Professor Frits Staal studied philosophy, logic
and mathematics at Amsterdam, then went to India and took up Sanskrit.
He went to teach at the London SOAS, where he met Soumyen Mukherjee,
back to Amsterdam for comparative philosophy, on to MIT for linguistics
and to Berkeley where he stayed until he retired in Thailand. Staal
has always been interested in the interfaces between these all too
numerous fields of study, refusing to distinguish between sciences
and humanities and convinced that we cannot understand ourselves
without understanding our species and at least some of the others
from which our genetic make-up hardly differs.
Secret Behind Walls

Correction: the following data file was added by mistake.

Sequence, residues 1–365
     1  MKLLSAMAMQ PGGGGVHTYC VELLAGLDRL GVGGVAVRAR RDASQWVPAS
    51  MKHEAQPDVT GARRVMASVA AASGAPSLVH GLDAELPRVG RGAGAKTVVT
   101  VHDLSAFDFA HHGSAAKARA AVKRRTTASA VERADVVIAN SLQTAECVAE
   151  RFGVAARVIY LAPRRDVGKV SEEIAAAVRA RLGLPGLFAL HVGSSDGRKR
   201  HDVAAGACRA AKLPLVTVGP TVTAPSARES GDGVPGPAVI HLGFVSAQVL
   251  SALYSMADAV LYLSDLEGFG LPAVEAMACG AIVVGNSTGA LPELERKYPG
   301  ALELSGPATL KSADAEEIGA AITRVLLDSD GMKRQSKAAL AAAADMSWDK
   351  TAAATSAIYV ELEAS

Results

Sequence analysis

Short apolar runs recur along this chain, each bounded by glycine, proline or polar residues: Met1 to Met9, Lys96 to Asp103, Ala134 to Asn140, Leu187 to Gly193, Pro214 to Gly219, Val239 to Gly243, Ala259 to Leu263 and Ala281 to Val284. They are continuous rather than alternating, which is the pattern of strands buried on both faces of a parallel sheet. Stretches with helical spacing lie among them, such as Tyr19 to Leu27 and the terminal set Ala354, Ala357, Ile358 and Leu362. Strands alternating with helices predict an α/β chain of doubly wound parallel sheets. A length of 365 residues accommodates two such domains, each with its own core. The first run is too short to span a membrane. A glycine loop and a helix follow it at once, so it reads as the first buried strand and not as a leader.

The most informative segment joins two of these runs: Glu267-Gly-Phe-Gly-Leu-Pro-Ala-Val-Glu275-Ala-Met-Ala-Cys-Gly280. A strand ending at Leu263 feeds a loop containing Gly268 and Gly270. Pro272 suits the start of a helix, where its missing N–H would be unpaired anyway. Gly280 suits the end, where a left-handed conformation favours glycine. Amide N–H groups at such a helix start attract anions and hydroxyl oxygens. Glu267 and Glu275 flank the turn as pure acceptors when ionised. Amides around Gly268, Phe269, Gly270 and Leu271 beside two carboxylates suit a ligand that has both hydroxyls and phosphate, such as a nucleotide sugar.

The origins of Indic philosophies lie before philosophy
in the Upani?ads but behind them stands the ritual enclosure of
the Sadas. Both terms are derived from the verbal root sad- which
means “sit” and relates not to chairs but to mother
earth. It is a posture of which the peoples of South Asia seem to
have always been inordinately fond.
Inside the Sadas, reciters and chanters from opposite backgrounds
sit back to back and sip Soma. The way was paved by the Rigveda
which discussed four levels of language, including mantras and paving
the way for the artificial language of linguistics.